The Ohio GOP takes up another front in its all-out assault on clean energy

Senator Bill Seitz

Ohio State Senator Bill Seitz of Cincinnati (courtesy of The Columbus Dispatch)

You know that saying “When God closes a door, he opens a window”? Well, these days in Ohio that should really be more like “When God opens a window, he then changes his mind and repeatedly slams it on your fingers.”

This morning, I briefly got my hopes up when I saw an alert from Gongwer Ohio that the Ohio House had delayed its vote on SB 310. The House GOP caucus had planned to vote the bill out of committee and bring it to the floor today, but given the mounting pressure from wide array of groups, including the business community, it pushed the vote into next week.

charles nelson batchelder

Speaker of the Ohio House William Batchelder

Mike Dittoe, the spokesman for Charles Nelson Reilly…I mean William Batchelder (R-Medina) told the Columbus Dispatch“Members just wanted to talk through the bill a little more.”

Obviously this should be great news. The last scheduled session for the Ohio House before the summer recess is next Wednesday. This would seem to suggest that, if opponents could keep the heat on for a little longer, the House may not pass it before going on vacation. Obviously thinking that is true is a bit naive, but a guy can dream.

So I signed up for a Gongwer trial to read more about the delay. And then I came across this story immediately thereafter: “MBR Amendment Imposes New Siting Requirements For Wind Farms” (subscription required).

From the story:

Senators finishing up work on Gov. John Kasich’s mid-biennium review Tuesday added a provision that the wind industry described as another severe setback for renewable energy in Ohio.

The proposal included in an omnibus amendment to the MBR appropriations measure (HB 483*) would require wind turbines be at least 1,125 feet from neighboring property lines. The current 1,125-foot setback distance applies to inhabited structures on neighbors’ land.

The amendment was adopted in the Senate Finance Committee at the same time the House is preparing to vote on a bill (SB 310*) that would restrict Ohio’s renewable energy standards. (See separate story)

Lobbyist Dayna Baird, who represents the American Wind Energy Association, said the new setback language would “effectively kill all wind development in the state of Ohio.”

For example, of the 152 turbines on the Blue Creek wind farm, the state’s largest wind energy project, only 13 could have been built had the new setback language been in place at the time, she said.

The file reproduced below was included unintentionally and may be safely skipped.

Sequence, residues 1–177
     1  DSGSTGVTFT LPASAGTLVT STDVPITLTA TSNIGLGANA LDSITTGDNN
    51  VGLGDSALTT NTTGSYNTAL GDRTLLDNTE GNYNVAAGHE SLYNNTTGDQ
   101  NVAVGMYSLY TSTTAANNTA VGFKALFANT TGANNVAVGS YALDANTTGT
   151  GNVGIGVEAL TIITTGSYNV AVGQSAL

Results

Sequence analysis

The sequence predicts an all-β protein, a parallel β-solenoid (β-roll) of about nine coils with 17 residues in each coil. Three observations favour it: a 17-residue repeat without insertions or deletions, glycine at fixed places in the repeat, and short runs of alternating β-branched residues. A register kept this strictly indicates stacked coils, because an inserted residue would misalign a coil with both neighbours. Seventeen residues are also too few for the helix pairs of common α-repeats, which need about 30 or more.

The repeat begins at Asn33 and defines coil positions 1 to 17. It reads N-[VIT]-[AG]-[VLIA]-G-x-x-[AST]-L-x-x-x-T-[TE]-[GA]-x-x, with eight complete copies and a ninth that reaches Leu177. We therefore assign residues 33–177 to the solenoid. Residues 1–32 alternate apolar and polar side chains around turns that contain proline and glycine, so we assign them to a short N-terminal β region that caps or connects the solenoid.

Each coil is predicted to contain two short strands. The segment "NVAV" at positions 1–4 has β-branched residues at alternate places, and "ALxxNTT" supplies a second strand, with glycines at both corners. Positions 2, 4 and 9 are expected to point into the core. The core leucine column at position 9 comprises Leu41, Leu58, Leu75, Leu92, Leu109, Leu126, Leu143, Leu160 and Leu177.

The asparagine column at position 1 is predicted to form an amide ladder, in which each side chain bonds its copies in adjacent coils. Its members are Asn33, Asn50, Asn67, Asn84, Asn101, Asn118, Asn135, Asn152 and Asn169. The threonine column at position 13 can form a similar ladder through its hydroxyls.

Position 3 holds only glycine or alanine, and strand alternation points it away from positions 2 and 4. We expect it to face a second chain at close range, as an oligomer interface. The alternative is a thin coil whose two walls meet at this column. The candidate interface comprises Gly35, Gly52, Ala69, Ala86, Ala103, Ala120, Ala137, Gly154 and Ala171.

The proposed change comes after state’s wind turbine setback was expanded in last year’s budget bill (HB 59*) from 750 feet from inhabited structures to 1,125 feet from homes.

Did you catch that? The Ohio GOP, just a year after increasing the setback requirement for wind turbines by 50% from 750 to 1,125 feet, has now decided that restriction should apply to neighboring property lines, not residences/structures. It inserted this completely unrelated poison pill into the mid-biennium review budget (MBR) under the cover of night, knowing full well that opponents are already so busy taking on their other assault on clean energy, SB 310, our attention would be diverted.

According to the American Wind Energy Association, there are currently 10 wind projects awaiting approval from the Ohio Power Siting Board. These projects would bring a combined $2.5 billion in investment to the state, largely in underserved areas. But rather than encouraging these investments, which would create good jobs, pollution-free energy, and local tax revenues, the Ohio GOP decided to tell the wind industry to go screw itself.

All of these 10 projects were submitted under the old rule, which required a 750-foot setback. But this amendment will now change this requirement so that the setback applies to property lines, ensuring that they are not in compliance with the law. This change comes immediately on the heels of the Senate ramming multiple poison pills into SB 310 that will have similarly devastating effects on the industry. AWEA has warned that, if this amendment is approved, these 10 projects are dead in the water.

It bears repeating – clean energy employs more than 25,000 Ohioans, and the state currently has the largest wind-related manufacturing industry in the country. But apparently the GOP’s utter fealty to the fossil fuel industry blinds them to these realities and forces them to see anyone working in clean energy as a potential threat. Naturally, Senator Bill Seitz (R-Cincinnati) immediately hailed the amendment, calling it “long overdue” and saying he “applaud[ed] it heartily.” When the guy who compared clean energy to the Bataan death march supports an amendment, that should tell you all you need to know.